So the Realiser comes into the playback chain of regular 2, 5.1 or 7.1 channels content. You are able to capture your azimuth and elevation idiosyncratic cues and your ideal reverberation listening room. Then a function transforms your audio multichannel stream into a two channel headphone output. What do you have here? You will listen to a very convincing out of the head circle on the horizontal plane. Do you have a sphere? Do you have a 3D sound field? Nope.
Then you take such function and add some variables that allow placing such your virtual speakers (a fixed base that comes from your recorded content and feed your HRTF computation). Believe or not, the Realiser does that, allow the user to change azimuth and elevation of the virtual speaker (see Realiser A8 manual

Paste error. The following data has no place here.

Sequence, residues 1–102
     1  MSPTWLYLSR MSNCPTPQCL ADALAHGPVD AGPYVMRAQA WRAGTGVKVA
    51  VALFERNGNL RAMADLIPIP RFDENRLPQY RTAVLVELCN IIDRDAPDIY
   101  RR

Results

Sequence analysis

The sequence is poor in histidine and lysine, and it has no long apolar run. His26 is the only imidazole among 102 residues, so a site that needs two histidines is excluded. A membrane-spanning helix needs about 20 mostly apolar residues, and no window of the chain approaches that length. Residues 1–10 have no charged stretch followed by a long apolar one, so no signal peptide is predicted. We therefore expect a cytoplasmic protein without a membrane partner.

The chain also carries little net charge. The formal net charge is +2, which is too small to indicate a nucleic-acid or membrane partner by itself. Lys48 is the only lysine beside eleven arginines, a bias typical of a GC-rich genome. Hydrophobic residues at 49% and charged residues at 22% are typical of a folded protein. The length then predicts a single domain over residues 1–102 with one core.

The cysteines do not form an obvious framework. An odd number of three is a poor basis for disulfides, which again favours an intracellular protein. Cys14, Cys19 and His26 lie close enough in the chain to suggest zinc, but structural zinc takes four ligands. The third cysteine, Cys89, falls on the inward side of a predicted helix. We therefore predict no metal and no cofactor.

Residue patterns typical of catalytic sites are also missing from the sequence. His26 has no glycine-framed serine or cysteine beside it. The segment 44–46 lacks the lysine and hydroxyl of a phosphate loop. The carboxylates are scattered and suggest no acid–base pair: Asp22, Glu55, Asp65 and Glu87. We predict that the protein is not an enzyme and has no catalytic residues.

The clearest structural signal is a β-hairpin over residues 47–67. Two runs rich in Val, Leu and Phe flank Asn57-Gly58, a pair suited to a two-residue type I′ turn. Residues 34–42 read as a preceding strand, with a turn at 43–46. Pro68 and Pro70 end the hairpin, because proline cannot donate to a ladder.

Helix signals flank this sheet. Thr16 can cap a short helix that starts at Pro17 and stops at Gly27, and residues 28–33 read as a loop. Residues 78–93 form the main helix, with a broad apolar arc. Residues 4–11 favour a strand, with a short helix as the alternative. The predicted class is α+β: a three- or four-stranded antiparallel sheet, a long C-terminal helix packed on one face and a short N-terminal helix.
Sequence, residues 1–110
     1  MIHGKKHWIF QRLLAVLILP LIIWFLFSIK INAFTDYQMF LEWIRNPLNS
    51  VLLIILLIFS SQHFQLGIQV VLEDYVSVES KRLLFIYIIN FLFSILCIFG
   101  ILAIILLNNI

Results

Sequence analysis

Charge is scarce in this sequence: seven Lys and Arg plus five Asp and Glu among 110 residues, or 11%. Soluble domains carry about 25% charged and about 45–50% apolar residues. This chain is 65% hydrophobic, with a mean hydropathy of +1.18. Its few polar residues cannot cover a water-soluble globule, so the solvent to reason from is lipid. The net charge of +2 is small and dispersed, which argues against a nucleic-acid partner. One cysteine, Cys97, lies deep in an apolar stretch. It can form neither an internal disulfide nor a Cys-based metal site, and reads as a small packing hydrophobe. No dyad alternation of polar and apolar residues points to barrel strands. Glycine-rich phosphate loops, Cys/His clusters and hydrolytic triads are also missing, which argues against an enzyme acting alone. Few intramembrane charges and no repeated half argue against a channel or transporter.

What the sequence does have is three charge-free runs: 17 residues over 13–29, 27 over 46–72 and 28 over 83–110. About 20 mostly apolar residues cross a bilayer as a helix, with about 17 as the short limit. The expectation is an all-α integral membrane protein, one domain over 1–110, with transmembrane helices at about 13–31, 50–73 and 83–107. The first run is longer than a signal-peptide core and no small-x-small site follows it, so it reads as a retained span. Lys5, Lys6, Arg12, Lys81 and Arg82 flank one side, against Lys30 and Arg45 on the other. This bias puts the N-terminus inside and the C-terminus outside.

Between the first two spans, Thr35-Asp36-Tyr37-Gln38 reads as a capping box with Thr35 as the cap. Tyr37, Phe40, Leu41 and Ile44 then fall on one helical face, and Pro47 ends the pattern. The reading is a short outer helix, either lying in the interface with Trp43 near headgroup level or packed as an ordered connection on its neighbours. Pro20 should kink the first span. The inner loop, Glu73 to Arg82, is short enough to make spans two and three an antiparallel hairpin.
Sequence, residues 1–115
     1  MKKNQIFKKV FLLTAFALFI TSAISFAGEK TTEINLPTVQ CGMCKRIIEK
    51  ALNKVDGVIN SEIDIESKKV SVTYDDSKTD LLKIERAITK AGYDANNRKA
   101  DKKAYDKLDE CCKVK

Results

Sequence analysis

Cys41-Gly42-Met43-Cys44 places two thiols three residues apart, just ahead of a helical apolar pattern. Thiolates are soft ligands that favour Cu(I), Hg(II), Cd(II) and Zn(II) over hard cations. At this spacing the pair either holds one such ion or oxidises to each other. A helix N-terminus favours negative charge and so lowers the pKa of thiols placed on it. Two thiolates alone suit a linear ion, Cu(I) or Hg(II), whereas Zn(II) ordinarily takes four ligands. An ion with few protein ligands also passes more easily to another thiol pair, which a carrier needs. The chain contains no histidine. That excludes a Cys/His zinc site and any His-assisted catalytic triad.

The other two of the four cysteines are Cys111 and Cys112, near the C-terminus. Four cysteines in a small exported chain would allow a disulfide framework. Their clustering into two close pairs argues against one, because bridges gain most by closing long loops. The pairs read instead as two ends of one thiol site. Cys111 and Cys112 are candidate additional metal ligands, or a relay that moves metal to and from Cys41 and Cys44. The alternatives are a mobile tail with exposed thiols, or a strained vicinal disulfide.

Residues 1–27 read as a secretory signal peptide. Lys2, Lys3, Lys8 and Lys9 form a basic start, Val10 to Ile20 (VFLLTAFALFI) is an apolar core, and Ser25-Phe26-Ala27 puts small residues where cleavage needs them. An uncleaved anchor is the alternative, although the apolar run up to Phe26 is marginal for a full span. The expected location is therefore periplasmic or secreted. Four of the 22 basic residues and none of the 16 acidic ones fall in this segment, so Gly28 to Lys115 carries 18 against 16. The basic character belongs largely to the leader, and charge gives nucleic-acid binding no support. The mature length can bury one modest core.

, page 27). Reverberation of the playback room and speakers proximity(!) can also be altered (see Realiser A8 manual
, pages 55, 56). If the recorded content has two layers (NHK example) or a 3D omnidirectional pattern (SPS200), voilà, now you are able to place your virtual speakers into the right virtual spot and reproduce a 3D sound field.
But why NHK needs to fix 22.2 channels instead of 4? When the target for your audio content is not only people with a DSP and headphone playback, but a movie theater audience, then such original tracks might be useful to reduce the influence of the sweet spot in the latter. At home theaters, less channels are needed. NHK mention that:
22.2-channel sound for homes